In the last century, there has been a significant reduction in the proportion of deaths caused by communicable disease due to the advent of effective medications and vaccinations.(1) Despite these advances, contagious diseases still require recognition and preparation to minimize human, economic and societal hardship and cost.
The U.S. Centers for Disease Control and Prevention has classified communicable diseases as category A, B or C. Category A diseases have a high potential for adverse public health impact and large-scale dissemination and are thus the highest priority agents.(2) These currently include anthrax, smallpox, plague, botulism, tularemia, and viral hemorrhagic fevers like Lassa fever, yellow fever, Marburg disease, and Ebola virus disease (EVD).
Unlike conventional disasters, infectious diseases can affect large groups of individuals over prolonged periods in multiple regions. This places significant stress on a larger range of healthcare resources. For example, the September 11, 2001, attacks had minimal impact on hospitals in the affected areas. Of 6,000 patients treated by 91 local hospitals, only 500 were admitted.(3) Compare this to the pandemic flu (H1N1), which caused over 12,000 deaths, almost 275,000 hospitalizations and 60 million infections between April 2009 and April 2010 in the United States alone.(4)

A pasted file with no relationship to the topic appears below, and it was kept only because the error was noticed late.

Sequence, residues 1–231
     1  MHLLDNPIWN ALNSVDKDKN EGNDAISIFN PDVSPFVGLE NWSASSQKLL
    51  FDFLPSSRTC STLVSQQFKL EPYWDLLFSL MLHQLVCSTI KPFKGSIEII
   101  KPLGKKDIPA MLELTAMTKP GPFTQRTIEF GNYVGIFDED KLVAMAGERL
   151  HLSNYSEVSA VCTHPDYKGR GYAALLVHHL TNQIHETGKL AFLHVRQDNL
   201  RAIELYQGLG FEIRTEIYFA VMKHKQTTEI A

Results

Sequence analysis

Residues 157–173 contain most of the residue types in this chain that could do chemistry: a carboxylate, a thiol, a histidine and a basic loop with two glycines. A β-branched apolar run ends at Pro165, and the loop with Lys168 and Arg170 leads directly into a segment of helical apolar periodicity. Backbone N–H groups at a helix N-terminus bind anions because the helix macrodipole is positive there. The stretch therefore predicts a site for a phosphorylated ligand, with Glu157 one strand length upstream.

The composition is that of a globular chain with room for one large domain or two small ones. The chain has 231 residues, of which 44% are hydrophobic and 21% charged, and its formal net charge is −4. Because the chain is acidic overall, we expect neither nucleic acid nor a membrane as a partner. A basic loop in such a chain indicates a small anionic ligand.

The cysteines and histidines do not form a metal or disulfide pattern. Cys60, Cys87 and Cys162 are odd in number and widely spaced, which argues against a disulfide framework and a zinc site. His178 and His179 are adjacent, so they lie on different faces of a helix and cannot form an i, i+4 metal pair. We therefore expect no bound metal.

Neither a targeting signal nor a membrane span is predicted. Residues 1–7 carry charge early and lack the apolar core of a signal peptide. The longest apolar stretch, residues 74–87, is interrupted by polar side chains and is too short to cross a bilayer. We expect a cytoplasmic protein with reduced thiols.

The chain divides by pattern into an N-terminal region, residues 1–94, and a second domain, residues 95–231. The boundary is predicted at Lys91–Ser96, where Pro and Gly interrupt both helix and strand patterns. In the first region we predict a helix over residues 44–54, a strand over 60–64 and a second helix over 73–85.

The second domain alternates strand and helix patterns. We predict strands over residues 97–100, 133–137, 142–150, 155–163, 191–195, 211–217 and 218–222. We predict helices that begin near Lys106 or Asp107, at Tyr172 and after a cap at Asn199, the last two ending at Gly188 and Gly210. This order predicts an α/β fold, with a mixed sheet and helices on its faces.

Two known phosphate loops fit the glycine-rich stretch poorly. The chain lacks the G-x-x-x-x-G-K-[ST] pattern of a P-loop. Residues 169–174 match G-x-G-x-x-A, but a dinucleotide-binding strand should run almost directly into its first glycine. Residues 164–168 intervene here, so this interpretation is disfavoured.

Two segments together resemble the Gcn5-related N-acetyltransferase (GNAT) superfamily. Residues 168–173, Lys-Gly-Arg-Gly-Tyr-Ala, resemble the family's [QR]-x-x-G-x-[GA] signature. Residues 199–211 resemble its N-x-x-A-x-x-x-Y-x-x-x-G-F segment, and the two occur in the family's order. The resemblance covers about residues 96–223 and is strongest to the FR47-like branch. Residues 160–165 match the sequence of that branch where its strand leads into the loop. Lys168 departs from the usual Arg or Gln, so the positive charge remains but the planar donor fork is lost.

There is not only a human cost but also an emotional and financial impact related to the outbreak of any highly contagious disease. In 2003, severe acute respiratory syndrome (SARS) was recognized. It spread to over 12 countries,(5,6) with more than 750 deaths and 8,000 people infected. It was estimated by Bloomberg News that SARS cost the global economy more than $40 billion, due in large part to public panic.(7) At the time of this writing, the economic effect of Ebola virus disease (EVD) is estimated to be in the hundreds of billions of dollars in West Africa and has even been cited as contributing to recent volatility in the U.S. stock markets.(8)
Public health measures to control and contain infectious outbreaks are crucial and critical. Adequate preparedness at each level of the healthcare system can lead to seamless, high quality patient care, limit inadvertent contagion of healthcare workers and patients, and mitigate public anxiety.